As set forth in her First Amended Complaint:

18. One week later, on May 7, 2012, Wile sent a written complaint of disability, sex, and age discrimination to Chris Snyder ("Snyder"), FINRA's Associate Director of Human Resources. Wile's complaint indicated that she felt her only option for continued employment at FINRA in her current position was through acceptance of the PIP plan, though Ray had threatened that she would not succeed under the plan. Wile noted that in her 24 years with FINRA, she had received only Exceptional or High Contributor performance ratings, and that she was well-respected by the users of the arbitration forum, the arbitrators, and staff. She noted that when she turned 50, Ray began treating her as a problem employee and treating her less favorably than the male manager in the office, Kevin Rosen ("Rosen"). Wile also pointed out in her complaint that Ray had criticized her for dressing too youthfully on casual Fridays by wearing jeans and a short-sleeved shirt - because "she was 50." When men and younger women wore this type of clothing on casual Fridays, Ray did not criticize them for dressing inappropriately at any time.

. . .

26. Wile also disclosed that Ray had been treating her differently, and more negatively, than Rosen, the male manager in the office, in part by being supportive of Rosen's efforts to work close to normal business hours in order to be with his family. Like Wile, Rosen managed the office staff responsible for case administration, addressed case-related issues and personnel issues, responded to arbitrator and party inquiries, reported directly to Ray, and assisted Ray in the overall administration of the Southeast Regional office. When Wile complained to Ray in March 2012 that she had been working 12-hour days for almost two years, plus time on weekends, Ray responded with the threat of termination set forth in paragraph 16 above. Ray also asked Wile to perform secretarial functions, such as generating and printing letters for his signature, which he did not ask Rosen to do.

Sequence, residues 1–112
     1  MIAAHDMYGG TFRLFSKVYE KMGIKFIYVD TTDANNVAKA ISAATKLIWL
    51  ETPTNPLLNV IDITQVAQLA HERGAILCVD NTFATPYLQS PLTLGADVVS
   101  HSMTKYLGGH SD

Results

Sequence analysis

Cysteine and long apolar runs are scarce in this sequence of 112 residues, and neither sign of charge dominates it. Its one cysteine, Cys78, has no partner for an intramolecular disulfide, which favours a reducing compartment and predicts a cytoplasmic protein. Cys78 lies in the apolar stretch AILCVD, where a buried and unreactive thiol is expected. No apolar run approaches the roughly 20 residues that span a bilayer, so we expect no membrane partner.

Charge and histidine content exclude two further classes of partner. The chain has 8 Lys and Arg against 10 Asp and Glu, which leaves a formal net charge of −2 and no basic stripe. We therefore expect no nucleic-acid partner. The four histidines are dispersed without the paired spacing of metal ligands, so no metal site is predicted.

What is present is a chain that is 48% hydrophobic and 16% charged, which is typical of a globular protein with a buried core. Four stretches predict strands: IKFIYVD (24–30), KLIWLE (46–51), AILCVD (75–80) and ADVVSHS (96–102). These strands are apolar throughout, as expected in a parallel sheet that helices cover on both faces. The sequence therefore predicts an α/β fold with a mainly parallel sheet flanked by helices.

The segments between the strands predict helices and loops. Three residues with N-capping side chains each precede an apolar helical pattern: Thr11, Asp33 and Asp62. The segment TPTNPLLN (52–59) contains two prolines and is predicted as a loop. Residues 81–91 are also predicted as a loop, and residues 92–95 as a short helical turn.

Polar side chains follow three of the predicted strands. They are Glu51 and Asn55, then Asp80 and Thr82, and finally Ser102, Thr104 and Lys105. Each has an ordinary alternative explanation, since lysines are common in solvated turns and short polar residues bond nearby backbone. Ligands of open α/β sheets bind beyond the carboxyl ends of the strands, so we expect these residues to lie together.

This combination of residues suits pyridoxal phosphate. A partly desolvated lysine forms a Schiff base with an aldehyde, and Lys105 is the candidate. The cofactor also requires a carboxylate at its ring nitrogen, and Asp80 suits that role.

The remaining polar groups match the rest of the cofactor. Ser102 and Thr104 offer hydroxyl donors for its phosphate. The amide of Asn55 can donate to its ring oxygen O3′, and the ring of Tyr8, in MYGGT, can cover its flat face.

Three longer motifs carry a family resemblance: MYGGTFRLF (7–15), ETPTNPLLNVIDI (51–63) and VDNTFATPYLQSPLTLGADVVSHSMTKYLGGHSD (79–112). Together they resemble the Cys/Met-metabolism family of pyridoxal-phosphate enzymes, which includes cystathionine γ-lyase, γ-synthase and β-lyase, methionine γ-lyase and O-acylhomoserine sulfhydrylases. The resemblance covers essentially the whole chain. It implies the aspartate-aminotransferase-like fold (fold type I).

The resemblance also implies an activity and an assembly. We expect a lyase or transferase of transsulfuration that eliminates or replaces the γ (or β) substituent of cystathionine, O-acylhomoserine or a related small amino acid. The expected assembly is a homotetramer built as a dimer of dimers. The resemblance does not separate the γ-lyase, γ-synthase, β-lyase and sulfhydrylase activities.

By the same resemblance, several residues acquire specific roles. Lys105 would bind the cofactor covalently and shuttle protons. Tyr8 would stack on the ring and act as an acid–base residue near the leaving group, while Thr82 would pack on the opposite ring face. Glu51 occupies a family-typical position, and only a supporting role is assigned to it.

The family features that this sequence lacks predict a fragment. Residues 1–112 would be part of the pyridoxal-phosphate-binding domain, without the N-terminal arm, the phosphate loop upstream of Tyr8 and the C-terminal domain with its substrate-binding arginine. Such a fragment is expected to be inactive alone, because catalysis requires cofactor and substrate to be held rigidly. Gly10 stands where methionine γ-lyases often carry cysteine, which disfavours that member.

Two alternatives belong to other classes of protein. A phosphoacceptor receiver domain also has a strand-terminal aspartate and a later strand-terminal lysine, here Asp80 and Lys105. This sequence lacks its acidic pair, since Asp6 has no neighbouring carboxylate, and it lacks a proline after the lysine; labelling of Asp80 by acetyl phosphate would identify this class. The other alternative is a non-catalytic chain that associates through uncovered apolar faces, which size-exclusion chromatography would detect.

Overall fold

27. Wile also provided several examples of younger female employees whose dress on casual Fridays violated Ray's office dress policy, but whose choice of attire was not criticized by Ray.

28. This supplemental complaint again reported to FINRA that Ray targeted older employees to fire upon his arrival at the Boca Raton office, and also that older employees who were not fired were demoted with no opportunity for improvement. "I believe I am now being targeted because I objected to age discrimination in the workplace."